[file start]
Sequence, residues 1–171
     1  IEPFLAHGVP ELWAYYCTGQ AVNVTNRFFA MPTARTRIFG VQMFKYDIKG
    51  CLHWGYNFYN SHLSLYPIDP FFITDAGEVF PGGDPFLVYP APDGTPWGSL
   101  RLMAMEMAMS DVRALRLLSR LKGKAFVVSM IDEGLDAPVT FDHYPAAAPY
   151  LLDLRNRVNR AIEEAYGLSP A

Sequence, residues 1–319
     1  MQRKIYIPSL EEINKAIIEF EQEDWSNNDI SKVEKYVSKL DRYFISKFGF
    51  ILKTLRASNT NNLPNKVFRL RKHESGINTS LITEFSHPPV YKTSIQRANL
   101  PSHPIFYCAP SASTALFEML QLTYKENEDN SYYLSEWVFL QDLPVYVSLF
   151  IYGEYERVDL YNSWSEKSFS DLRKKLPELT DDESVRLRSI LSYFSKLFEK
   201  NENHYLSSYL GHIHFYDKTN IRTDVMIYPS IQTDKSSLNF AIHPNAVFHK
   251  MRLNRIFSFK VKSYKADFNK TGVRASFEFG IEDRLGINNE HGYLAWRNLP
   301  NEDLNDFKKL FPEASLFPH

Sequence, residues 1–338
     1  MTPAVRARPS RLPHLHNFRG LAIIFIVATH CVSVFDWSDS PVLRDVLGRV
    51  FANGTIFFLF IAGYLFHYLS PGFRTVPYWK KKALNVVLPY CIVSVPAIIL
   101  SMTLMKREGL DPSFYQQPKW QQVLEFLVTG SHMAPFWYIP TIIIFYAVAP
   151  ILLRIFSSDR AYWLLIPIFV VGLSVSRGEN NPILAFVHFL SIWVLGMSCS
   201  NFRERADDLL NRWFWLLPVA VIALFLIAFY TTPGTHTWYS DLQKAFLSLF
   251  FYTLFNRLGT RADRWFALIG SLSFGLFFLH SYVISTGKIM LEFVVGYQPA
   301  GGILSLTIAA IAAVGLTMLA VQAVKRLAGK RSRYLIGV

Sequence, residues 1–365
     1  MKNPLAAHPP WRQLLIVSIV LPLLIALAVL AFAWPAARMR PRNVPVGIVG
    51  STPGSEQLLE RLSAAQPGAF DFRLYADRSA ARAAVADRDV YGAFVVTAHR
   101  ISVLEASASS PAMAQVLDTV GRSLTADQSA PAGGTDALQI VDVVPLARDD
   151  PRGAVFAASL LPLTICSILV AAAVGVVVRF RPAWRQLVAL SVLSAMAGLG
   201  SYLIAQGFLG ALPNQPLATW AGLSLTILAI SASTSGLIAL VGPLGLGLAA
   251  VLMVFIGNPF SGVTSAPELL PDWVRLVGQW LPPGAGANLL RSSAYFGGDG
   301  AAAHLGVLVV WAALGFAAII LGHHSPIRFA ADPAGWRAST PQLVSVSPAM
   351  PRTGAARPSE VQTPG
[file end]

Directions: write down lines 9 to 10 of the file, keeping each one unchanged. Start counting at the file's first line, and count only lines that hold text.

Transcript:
   101  PSHPIFYCAP SASTALFEML QLTYKENEDN SYYLSEWVFL QDLPVYVSLF
   151  IYGEYERVDL YNSWSEKSFS DLRKKLPELT DDESVRLRSI LSYFSKLFEK